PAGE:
Tuesday, May 25, 2010

Fine Art or Optical Trickery?

In 1965, TIME magazine coined the phrase, "Op Art" which was a shorthand description for optical art. Op Art refers to nonrepresentational art where the color and perspective give the viewer a sense of movement, patterns or vibrations. (Victor Vasarely's work on right)

Starting in the 60s, Op Art style was the rage in fashion, architecture, decorating and advertising. It was considered by a many to be a very hip new art form created by young emerging artists.

In fact, not only had artists such as M.C. Escher and Josef Albers been experimenting with color and perspectives for decades, but the artists most associated with Op Art in the 60s were: Bridget Riley (1931), Victor Vasarely (1908-1997), Richard Anuskiewicz (1930). In other words, these were older and more highly experienced artist.

In spite of the popularity of Op Art, there were art critics who contended that it really wasn't a fine art style. Instead, they contended that since the goal of Op Art is to fool the eye - much like trompe l'oeil painted murals which create illusory scenes of depth - Op Art was nothing more than art trickery. (Bridget Riley at left and below left - Richard Anuskiewicz below right.)

Below is an example of trompe l'oeil.

What do you think? Fine Art or optical trickery?

Tuesday, May 18, 2010

A Russian Who Got the Light Just Right...

We have shared many artists from many lands, but until now there's been an absence on this blog of gifted Russian artists. I was first introduced to Russian art work through a special traveling exhibit at the D'Orsay Museum in Paris.

One painting in particular caught my attention. It was so beautifully luminous that I couldn't stop looking at it.

I had to write the name of the artist and the title of his work in my sketchbook/journal so I could find out more about him when I returned home.

The artist was Arkhip Ivanovitch Kouindji (1841-1910) also spelled Kuindzhi, Kuiniji, and, well, if you want to look him up just key in his first name. Orphaned as a six year old, he worked at a variety of menial jobs until his natural gift led to a job as a photo retoucher. He eventually went to St. Petersburg where he took some training, but remained largely self-trained.

He is recognized as a painter who sought and succeeded in transmitting "light's fullness and density." Below are a few more of his paintings showing his capture of light and mood. What's your opinion of his works? Have you ever heard of him? Please share your comments.

Monday, May 10, 2010

Do-Ho Suh and the Haunting Sculpture

Recently a friend sent me a wonderful video featuring Picasso's "Guernica." (A mural depicting the bombing of the town and citizens during the Spanish Civil War.) Feeling the impact of "Guernica" got me thinking about how art can reach into us in so many ways. I remembered an exhibition at the Seattle Art Museum a few years back with a sculpture that still haunts me with its beauty and ambiguity.

The artist's name is Do-Ho Suh and the piece that came to mind was a stunning sculpture titled, "Some/One." As I walked into the room where the piece was featured, I was taken with the monumental size and simplicity of this Asian emperor style robe and how beautifully it shimmered. There was a grace to the form and the way it arced around the floor as I approached from the back to the front of the piece. (Please double click on images for enlargements.)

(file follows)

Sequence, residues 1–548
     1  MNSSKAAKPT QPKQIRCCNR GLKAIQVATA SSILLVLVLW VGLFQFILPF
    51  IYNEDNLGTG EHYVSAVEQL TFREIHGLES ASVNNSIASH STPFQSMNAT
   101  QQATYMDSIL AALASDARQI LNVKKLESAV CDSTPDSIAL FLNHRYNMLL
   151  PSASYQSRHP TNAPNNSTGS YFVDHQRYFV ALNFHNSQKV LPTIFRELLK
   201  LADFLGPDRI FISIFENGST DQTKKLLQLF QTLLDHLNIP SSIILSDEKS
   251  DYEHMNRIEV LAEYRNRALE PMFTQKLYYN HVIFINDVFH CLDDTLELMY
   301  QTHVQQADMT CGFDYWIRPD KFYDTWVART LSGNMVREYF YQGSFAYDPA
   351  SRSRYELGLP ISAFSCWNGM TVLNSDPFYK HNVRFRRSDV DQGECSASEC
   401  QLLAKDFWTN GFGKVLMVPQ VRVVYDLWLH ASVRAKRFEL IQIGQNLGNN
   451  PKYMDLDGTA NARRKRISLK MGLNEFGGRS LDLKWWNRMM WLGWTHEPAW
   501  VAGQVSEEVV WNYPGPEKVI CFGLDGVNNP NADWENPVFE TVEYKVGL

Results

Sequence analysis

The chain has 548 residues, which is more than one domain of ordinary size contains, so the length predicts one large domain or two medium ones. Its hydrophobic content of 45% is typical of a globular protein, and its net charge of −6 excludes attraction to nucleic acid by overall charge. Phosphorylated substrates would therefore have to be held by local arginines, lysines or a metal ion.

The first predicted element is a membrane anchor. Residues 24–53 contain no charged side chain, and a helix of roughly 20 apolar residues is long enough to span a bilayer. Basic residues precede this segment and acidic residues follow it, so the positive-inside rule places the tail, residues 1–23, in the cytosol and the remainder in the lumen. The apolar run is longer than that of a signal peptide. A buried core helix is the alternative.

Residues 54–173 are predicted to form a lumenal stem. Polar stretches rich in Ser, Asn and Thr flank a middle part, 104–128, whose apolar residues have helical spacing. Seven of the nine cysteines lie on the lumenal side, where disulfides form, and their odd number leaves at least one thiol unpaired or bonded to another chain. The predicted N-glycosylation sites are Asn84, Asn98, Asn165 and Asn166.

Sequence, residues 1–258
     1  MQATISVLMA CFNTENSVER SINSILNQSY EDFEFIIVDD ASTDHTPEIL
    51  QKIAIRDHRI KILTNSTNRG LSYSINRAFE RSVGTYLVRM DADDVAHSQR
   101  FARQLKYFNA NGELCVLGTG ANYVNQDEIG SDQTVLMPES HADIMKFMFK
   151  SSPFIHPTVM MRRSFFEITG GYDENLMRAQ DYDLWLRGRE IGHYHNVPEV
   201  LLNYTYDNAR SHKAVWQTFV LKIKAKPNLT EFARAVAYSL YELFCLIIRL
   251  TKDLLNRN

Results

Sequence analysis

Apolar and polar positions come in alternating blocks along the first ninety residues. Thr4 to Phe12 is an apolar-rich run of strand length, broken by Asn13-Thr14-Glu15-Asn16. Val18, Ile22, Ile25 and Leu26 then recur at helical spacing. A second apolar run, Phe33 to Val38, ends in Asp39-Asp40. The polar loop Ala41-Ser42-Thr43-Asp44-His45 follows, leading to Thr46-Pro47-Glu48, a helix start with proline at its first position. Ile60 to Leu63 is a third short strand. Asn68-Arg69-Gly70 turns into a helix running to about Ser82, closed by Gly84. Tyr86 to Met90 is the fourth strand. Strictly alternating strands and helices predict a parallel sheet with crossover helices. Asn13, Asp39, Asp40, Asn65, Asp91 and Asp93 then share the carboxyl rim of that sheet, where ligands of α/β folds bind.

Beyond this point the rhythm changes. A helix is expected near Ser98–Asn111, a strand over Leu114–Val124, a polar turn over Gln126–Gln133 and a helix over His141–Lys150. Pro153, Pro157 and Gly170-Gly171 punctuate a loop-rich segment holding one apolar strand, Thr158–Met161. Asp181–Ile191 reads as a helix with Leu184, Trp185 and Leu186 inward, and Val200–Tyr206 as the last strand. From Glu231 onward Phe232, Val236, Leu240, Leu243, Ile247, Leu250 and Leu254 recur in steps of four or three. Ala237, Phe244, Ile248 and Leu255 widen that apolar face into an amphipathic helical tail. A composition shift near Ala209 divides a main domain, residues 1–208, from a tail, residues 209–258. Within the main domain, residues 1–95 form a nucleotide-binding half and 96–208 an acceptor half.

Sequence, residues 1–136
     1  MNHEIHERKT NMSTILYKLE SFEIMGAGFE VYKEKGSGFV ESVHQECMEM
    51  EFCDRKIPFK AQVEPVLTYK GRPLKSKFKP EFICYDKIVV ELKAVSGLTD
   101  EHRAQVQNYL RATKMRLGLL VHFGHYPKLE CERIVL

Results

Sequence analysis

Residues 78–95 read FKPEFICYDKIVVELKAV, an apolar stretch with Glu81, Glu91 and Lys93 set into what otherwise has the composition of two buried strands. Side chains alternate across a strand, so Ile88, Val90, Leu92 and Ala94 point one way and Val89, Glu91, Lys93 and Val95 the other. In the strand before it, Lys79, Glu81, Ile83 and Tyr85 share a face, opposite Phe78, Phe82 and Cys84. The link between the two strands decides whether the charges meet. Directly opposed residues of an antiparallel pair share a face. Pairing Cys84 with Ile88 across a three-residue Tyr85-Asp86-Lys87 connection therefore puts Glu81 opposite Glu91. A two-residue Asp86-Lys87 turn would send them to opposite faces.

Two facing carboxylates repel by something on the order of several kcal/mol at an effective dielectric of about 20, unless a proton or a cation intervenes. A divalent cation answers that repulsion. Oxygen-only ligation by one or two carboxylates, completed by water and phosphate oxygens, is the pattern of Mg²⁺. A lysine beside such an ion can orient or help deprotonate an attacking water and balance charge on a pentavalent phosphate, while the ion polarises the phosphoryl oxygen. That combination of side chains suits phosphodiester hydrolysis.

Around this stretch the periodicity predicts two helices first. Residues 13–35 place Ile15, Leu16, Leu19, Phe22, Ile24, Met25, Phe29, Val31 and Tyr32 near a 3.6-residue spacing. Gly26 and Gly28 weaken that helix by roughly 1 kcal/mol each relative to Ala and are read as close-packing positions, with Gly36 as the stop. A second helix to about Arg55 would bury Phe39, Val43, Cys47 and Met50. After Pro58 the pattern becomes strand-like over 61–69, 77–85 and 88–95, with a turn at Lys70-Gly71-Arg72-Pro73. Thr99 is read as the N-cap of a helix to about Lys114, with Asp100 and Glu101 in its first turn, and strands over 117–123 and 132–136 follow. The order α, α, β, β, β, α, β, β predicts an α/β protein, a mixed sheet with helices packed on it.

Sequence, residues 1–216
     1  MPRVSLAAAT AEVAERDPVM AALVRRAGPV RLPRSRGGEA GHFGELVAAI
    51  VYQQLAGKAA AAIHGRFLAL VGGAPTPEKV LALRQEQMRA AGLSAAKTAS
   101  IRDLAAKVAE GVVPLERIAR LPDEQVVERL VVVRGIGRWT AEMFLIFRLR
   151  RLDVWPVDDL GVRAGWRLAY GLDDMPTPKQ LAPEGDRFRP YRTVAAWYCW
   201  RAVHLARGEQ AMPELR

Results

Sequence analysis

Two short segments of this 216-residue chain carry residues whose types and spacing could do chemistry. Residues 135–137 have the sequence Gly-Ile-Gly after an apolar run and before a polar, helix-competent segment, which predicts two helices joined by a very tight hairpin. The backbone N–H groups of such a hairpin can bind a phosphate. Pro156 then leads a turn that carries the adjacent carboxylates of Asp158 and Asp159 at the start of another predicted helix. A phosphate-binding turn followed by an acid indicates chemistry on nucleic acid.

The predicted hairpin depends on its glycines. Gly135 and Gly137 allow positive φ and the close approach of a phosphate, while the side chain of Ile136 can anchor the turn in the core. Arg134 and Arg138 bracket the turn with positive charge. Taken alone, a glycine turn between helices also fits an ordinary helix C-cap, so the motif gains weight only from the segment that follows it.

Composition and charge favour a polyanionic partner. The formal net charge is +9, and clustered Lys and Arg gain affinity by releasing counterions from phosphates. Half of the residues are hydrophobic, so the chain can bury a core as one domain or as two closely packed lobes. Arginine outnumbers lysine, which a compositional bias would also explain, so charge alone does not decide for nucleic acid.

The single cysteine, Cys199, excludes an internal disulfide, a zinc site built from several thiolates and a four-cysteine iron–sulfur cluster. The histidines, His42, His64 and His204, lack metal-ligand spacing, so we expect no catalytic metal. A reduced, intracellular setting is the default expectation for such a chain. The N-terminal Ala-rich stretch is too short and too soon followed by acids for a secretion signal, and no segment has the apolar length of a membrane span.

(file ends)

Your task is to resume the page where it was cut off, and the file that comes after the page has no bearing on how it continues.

Upon closer observation, I noticed layers - like armor plate. When I was even closer still, I realized what I was looking at and it startled me. The robe was entirely made of military dog-tags. I was stunned. Suddenly the sculpture took on another meaning, another dimension. I have never forgotten the image and the impact it had on me.
As you look at the images what feelings does it conjure up? How would you interpret the title, "Some/One?"

When you face the front of the sculpture, the robe is open and the form underneath is made with mirrors.
You can see yourself imposed on the form. In your opinion, what was the artist asking us to consider?

Is there a work of art that haunts your memory? Why do you think that is?

Wednesday, May 5, 2010

About Domenicos Theotocopoulos...

With a name like that, you might think I'm writing about another Greek friend. Not so. If he were a friend, he'd be about 400 years old. Actually, it was the Spaniards with their penchant for nicknames that referred to him as "El Greco," (the Greek).

El Greco (1541-1614)was born on the island of Crete and received extensive art training in both Venice and Rome. Later, he moved to Spain where he lived in Toledo until his death.

Art historians have had a hard time categorizing his style. Part Renaissance, mannerism, and expressionism in style, he is considered the precursor for cubism and impressionism. From what is historically known about him, it's more than likely that what he really was a man who did not live his life or art under the strictures of the times. In his art, he believed above all in freedom of style and is quoted as considering color more important than form.

His unique style meant that his work was not highly regarded in his lifetime. It would be another 300 years before his unusual amalgam of styles and fervor were recognized and appreciated.

One of the best known of his works is titled, "The Burial of Count Orgaz" shown below. (This is a very large painting - click image for detail.)

Here are a two more of his paintings. You can see the quality of his portraits and his ability with composition. The background on the right one seems to hint of surrealism. What do you think?